Distal remnant specimens of left internal mammary artery (arteria thoracica interna) were obtained after informed consent from 23 patients undergoing elective coronary artery bypass grafting (CABG) surgery. The use of human tissue was approved by the local ethics committee. Long-term ACE inhibitor or AT1 receptor blocker therapy before surgery was evaluated in a retrospective manner. The following substances were prescribed: ACE inhibitors, including captopril, lisinopril, quinapril, and ramipril (38±10% of target dose in recent heart failure and endothelial function megatrials),22,23⇓ and AT1 receptor antagonists, including losartan and valsartan (100% of target dose in recent heart failure megatrials).24,25⇓ Nine consecutive patients without pharmacological intervention in the renin-angiotensin system were matched with patients receiving preoperative ACE inhibitor (n=9) or AT1 receptor blocker (n=5) therapy, according to New York Heart Association functional classification. These groups of patients showed no significant differences in systolic or diastolic blood pressure. In addition, no differences in central venous pressure, heart rate, left ventricular ejection fraction, sex, age, weight, or concomitant therapy with calcium antagonists, β-blockers, diuretics, NO donors, antidiabetics, or lipid-lowering drugs were found (please see online Table 1, available at http://atvb.ahajournals.org).
Cytochrome c Reduction Assay
Cells were preincubated for 6 hours with or without Ang II and specific Ang II receptor antagonists in medium containing 0.5% calf serum. Cells were subsequently incubated for 1 to 4 hours at 37°C in an assay buffer consisting of medium M199 without phenol red supplemented with 40 μmol/L cytochrome c and 500 μmol/L NG-nitro-l-arginine methyl ester to exclude EC NO synthase as a possible source of detected O2− generation.26 To evaluate NAD(P)H oxidase–derived O2− generation, the flavin-containing enzyme inhibitor diphenylene iodonium (DPI, 100 μmol/L) was included in some experiments. At indicated time points, aliquots of the supernatant were taken, absorption at 550 nm was determined, and blank was subtracted. The amount of O2− generated was estimated by the use of the millimolar extinction coefficient for reduced cytochrome c (29.5 L · mmol−1 · cm−1). The O2− generation was normalized versus protein concentration of samples determined with the BCA Protein Assay Reagent (Pierce). DPI-inhibited O2− generation was estimated as the difference between samples with or without DPI in each group.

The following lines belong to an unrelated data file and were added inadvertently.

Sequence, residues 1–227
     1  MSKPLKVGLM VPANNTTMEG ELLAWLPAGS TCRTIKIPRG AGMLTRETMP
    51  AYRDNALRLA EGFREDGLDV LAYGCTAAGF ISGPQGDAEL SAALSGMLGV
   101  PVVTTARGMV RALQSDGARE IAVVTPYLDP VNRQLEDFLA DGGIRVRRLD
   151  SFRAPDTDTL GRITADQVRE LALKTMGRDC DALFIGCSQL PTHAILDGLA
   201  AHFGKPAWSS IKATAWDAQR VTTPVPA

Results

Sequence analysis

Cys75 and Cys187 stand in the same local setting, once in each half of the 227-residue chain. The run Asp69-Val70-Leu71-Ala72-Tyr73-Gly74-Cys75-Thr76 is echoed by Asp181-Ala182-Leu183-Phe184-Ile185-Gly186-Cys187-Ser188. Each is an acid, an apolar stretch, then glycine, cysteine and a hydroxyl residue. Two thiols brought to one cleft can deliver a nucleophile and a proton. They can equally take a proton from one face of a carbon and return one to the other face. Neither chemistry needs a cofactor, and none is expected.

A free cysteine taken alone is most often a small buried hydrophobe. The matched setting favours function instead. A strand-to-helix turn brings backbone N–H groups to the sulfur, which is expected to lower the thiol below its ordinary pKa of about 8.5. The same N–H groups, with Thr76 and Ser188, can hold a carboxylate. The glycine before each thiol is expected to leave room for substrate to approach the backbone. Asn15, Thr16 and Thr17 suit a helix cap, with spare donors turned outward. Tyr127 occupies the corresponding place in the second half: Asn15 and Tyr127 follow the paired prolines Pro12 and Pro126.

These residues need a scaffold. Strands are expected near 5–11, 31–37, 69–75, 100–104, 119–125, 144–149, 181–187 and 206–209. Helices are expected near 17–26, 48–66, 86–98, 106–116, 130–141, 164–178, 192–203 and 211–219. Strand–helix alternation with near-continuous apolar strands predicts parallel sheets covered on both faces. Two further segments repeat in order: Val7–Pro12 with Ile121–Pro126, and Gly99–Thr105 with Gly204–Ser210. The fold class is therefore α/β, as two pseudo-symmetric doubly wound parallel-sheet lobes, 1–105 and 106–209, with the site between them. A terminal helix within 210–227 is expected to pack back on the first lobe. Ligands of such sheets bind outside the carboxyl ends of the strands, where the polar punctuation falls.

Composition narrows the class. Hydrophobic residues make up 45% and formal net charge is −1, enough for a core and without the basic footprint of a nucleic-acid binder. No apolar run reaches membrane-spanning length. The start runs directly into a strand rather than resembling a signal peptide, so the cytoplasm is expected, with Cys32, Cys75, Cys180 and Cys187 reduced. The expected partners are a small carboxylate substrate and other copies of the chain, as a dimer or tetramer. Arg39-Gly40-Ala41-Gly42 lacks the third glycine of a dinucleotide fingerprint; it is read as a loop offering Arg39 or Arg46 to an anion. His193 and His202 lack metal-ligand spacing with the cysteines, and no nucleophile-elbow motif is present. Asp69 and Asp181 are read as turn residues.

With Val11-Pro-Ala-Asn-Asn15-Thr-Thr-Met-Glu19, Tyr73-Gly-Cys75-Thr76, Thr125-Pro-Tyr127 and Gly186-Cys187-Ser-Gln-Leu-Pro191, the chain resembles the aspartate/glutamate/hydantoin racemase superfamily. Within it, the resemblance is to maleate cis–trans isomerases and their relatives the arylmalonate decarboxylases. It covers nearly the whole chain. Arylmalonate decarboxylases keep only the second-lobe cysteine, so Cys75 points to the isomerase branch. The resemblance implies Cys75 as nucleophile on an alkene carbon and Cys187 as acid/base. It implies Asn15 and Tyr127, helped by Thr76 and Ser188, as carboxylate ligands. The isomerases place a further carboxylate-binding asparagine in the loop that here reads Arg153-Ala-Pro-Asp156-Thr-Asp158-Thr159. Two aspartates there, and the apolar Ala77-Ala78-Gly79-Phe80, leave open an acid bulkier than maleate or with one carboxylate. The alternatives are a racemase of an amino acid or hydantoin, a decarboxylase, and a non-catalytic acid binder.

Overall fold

Total RNA from primary cultures of HUVECs and from biopsies of internal mammary arteries was isolated by guanidinium thiocyanate/cesium chloride centrifugation as previously described.27
Quantification of NAD(P)H Oxidase Subunit mRNA Expression by Multistandard-Assisted RT-PCR
For quantification of mRNA expression of NAD(P)H oxidase subunits gp91-phox, p22-phox, p47-phox, and p67-phox in competitive reverse transcription (RT)–polymerase chain reaction (PCR), a common linker primer, PCR-generated, internal-deleted, and in vitro–transcribed multistandard cRNA was generated. The identity of the amplified RT-PCR fragments was confirmed by DNA sequencing. Competitive RT-PCR was performed by using the NAD(P)H oxidase multistandard as previously described.28 DNA sequences of specific primers and PCR characteristics (PCR protocol: 30 seconds at 95°C, 30 seconds at primer-specific annealing temperature, and 30 seconds at 72°C) are summarized in online Table 2, available at http://atvb.ahajournals.org.
Protein Isolation and Western Blot Analysis
Protein isolation and Western blot analysis was performed as described21 with the use of monoclonal gp91-phox–specific antibodies.
Data are given as mean±SEM. An ANOVA followed by the Bonferroni method (multiple comparison) or a Student t test was used for statistical comparison, as appropriate, and correlation was tested by using SigmaStat software (Jandel Corp). A value of P<0.05 was considered statistically significant.
An extended Methods section is available online at http://atvb.ahajournals.org.
Dose-Dependent Regulation of O2− Formation and NAD(P)H Oxidase Subunit Expression by Ang II in HUVECs
Incubation of primary cultures of HUVECs with 100 nmol/L Ang II for >7 hours resulted in 2-fold induction of endothelial O2− formation (Figure 1A). In contrast, HUVECs treated with 1 μmol/L Ang II compared with control cells showed no significant difference in O2− formation.
Because an NAD(P)H oxidase has been previously shown to be a major source of endothelial O2− formation, mRNA expression of the 4 essential NAD(P)H oxidase subunits (gp91-phox, p22-phox, p47-phox, and p67-phox) was determined by multistandard-assisted competitive RT-PCR. First, expression of the limiting subunit of endothelial NAD(P)H oxidase gp91-phox was analyzed. Stimulation of HUVECs with 100 nmol/L Ang II caused a time-dependent induction of gp91-phox mRNA expression, reaching its maximum after 7 hours (Figure 1B). Further increase of Ang II concentration up to 1 μmol/L resulted in a partial inhibition of augmented gp91-phox expression (Figure 2A). Expression of NAD(P)H oxidase subunits p22-phox, p47-phox, and p67-phox was 2- to 3-fold induced by 100 nmol/L Ang II as well (maximum at 7 hours; please see online Figure IA, available at http://atvb.ahajournals.org). In contrast to gp91-phox, no decrease in the expression of these subunits could be found after incubation with 1 μmol/L Ang II.